the output command of the controller, in the format presented
in Fig. 2. Also, each joint has an identifier (CAN ID), that is
included in the beginning of the CAN package.
Fig. 2. Representation of exchanged packages between H2-Joint and MCU. ID
is the identifier of the target. DLC counts the bytes of valid information. The
sensors information received in the MCU is organized by angular position (T),
angular velocity (Z), interaction torque (Winter) and motor torque (Wm).
3) IMU device
For measurements of foot kinematic data, we chose the
wearable Tech IMU v4 (Technaid S.L., Spain). This unit
integrates three different tri-dimensional MEMS (micro-
electromechanical systems) sensors, including an
accelerometer (range: ±16 g), a gyroscope (range: ±34.9 rad/s)
and a magnetometer (range: ±8.1 G), and a built-in calibration
which eliminates axes misalignment, sensibility and
compensates the measurements due to temperature variations.
Overall all, this device constitutes an optimal solution given its
small dimensions (11x26x36), weight (10 g) admissible power
consumption (70 mA) and built-in calibration.
The digital acquisition is performed following the protocol
defined by proprietary. Fig. 3 shows a sequential diagram
describing the protocol. As exemplified, the MCU starts the
communication by sending a ‘P’ command (one byte of
information), asking for physical data, ensuring a new
calibration of the device. After, the MCU sends ‘polling’
commands (zero bytes of information) at a given sampling
frequency to collect the data from all sensors. Each response to
the polling commands is composed of five packages of eight
bytes (sent sequentially to the MCU), containing the
information of the axis, represented as a 32-bit float (four
bytes). The chosen sampling frequency was 100 Hz.
Fig. 3. Digital protocol between the MCU and IMU, in a sequential diagram.
4) EMG Module
The EMG module aims the acquisition of electrical activity
of lower limb muscles, according to their effect on the human
joints movement (e.g., hamstrings and quadriceps femoris for
the knee, and tibialis anterior and gastrocnemius for the ankle).
Thus, we selected the MA-420 EMG preamplifier (Motion Lab
Systems, USA). As key features, this device incorporates radio-
frequency interference filters, electrostatic discharge protection
circuitry, a low-impedance output to eliminate cable noise and
cable motion artifacts, and an integral ground reference that
provides immunity to electromagnetic environmental noise,
constituting a reliable solution.
The EMG module is composed by hardware and software
interfaces, represented in Fig. 4. The hardware EMG interface
consists of one board with six channels. For each channel, the
same circuit was designed for proper signal conditioning.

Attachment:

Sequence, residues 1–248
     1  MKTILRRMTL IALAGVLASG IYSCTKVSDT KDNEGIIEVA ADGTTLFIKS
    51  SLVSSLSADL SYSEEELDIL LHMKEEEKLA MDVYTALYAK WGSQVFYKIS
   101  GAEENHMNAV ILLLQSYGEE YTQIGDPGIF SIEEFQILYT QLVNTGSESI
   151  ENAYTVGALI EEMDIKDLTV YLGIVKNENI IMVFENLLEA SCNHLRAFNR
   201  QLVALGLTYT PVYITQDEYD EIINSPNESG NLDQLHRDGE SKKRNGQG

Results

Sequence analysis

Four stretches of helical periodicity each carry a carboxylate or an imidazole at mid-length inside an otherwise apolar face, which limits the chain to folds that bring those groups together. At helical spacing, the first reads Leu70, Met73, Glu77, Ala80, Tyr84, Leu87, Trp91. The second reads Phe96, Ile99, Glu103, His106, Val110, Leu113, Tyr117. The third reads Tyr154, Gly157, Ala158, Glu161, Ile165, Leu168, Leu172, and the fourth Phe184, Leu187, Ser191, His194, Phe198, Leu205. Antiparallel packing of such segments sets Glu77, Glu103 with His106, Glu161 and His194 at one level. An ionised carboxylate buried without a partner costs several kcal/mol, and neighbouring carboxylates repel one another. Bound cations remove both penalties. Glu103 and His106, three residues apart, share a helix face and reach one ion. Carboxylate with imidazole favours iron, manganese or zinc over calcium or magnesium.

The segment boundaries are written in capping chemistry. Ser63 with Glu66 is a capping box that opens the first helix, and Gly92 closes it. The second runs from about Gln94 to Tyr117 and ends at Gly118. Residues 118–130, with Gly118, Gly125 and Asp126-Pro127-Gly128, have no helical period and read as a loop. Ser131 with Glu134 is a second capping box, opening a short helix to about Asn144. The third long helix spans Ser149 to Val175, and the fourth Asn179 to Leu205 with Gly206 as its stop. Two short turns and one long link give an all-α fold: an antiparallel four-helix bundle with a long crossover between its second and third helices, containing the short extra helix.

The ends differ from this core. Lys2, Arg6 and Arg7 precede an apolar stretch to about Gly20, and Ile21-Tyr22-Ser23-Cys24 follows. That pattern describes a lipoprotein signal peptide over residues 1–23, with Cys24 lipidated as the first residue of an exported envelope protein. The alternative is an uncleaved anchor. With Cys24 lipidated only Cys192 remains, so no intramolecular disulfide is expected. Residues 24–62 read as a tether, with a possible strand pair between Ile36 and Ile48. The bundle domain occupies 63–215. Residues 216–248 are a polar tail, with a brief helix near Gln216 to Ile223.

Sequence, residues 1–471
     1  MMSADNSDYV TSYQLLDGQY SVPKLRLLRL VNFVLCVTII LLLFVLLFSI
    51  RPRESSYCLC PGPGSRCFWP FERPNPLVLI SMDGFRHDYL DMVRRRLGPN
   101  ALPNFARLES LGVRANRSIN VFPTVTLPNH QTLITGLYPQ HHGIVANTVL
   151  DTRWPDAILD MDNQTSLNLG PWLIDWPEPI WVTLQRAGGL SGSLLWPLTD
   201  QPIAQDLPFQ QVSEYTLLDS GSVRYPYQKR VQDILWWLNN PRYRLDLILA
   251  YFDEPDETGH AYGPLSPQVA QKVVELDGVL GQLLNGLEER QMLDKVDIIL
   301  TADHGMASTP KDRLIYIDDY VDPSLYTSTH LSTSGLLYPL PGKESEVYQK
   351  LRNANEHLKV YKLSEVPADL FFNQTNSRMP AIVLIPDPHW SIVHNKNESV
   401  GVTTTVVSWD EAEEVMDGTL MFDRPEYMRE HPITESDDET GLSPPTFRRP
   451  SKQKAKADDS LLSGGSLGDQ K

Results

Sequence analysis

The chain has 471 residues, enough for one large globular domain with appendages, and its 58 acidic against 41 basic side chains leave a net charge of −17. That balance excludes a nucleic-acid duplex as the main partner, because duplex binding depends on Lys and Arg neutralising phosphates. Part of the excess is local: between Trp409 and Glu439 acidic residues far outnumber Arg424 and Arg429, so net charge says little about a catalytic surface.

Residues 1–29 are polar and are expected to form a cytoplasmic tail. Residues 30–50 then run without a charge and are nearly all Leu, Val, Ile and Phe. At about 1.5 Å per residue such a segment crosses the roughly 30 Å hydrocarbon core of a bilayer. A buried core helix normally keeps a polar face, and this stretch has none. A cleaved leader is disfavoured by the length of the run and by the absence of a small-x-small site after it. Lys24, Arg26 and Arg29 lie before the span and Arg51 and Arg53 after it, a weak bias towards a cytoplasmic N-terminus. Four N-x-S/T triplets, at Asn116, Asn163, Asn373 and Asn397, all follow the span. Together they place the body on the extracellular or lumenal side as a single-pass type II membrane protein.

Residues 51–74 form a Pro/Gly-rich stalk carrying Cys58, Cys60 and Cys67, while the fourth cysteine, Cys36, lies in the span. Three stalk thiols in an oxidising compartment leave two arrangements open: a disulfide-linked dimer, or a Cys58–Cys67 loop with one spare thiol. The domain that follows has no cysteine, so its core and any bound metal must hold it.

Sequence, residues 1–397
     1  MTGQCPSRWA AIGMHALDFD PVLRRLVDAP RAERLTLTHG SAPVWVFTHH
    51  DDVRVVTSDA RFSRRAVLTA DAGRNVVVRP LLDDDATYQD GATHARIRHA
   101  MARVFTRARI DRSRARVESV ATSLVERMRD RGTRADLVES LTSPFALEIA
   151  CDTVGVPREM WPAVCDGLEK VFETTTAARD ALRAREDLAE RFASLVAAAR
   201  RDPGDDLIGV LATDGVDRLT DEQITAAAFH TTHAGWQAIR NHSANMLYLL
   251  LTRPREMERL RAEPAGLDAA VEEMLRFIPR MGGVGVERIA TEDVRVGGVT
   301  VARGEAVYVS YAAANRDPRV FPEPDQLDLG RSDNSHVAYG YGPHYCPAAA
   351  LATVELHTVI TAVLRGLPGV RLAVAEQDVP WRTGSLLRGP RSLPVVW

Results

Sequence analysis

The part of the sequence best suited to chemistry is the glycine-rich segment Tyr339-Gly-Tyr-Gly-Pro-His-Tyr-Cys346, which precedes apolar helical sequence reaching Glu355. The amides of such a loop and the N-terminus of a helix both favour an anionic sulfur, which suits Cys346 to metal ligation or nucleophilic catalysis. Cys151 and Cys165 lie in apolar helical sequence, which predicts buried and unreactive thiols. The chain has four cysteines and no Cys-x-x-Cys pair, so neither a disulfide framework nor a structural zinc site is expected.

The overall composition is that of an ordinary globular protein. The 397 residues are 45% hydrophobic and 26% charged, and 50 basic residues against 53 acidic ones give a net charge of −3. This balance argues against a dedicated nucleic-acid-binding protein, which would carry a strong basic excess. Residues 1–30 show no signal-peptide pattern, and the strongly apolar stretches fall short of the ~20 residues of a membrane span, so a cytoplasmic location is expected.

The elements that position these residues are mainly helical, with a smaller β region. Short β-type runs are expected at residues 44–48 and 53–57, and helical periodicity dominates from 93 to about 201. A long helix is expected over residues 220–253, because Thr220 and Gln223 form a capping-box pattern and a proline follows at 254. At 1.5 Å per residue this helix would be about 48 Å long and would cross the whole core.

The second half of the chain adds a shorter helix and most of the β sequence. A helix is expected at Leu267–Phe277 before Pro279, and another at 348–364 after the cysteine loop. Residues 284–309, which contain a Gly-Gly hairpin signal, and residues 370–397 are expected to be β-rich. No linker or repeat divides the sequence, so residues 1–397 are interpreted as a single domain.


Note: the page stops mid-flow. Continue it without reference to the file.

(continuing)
Fig. 4. Hardware and software interfaces for one EMG channel, to process and
convert the analog signal to the respective digital format.
The first stage compromises the signal pre-amplification.
The device is designed to be used with disposable electrodes,
placed on the surface of the skin. The electrical signal is then
amplified with the gain of 20 ±1 (at 1kHz), being the output
voltage in a range of ±0.4 mV to ±40 mV. Additionally, the pre-
amplifier circuit has a high Common-Mode Rejection Ration
(CMRR) of 100 dB, meaning that a great percentage of
common mode voltage is eliminated, maximizing the Signal-
Noise Ratio (SNR). The next state represents an Anti-Aliasing
Low-Pass filter, implemented to avoid aliasing. Since the full
bandwidth of an EMG signal is up to 500 Hz, the cut-off
frequency must be set to this value, eliminating frequencies
outside this band. The last hardware stage has three main
functions, concerning the posterior acquisition by the ADC:
amplification; level-shifting; and voltage limitation of the
signal. The two first stages are performed by means of a
summing amplifier circuit. The same circuit amplifies the signal
with gain in a range of 90 to 260 (selectable gain with high
precision potentiometer) summing a constant voltage
representing half of the high voltage reference of the ADC,
particularly, +1.65 V (VREF+ = +3.3V). The selectable gain
feature was added to allow measurement of the electric activity
of different target muscles, since they can present distinct
amplitudes. At last, a limiter voltage circuit (buffer) is used to
prevent the output signal to exceed the VREF minimum (VREF-
= 0V) and maximum (VREF+ = +3.3V).
With respect to the software created for the acquisition of
the signal, the ADC was programmed to collect the data at 2
kHz (respecting the Nyquist theorem), with 12-bits, and with a
dynamic range of 0.806 mV/bit.
5) FSR modules
The FSR sensors used to measure ground reaction forces in
the foot correspond to the model 406 FSR (Interlink
Electronics). They consist of robust polymer thick film sensors
that exhibit a decrease in resistance when the force applied to
the surface increases. Also, this sensor stands for its high
repeatability (± 2%), cost-effectiveness, and simplicity of use.
Regarding the developed hardware, a simple voltage divider
circuit was designed, having low voltage (near 0V) at the output
if no force is applied and high voltage (around 3.3V) when more
than 10 N (sensitivity range) are measured. Concerning the
software developed for the signal acquisition, it was used the
same strategy implemented in the EMG module, at a sampling
frequency of 100 Hz.
C. Orthosis’ Use
Fig.5 shows one user wearing the proposed system. The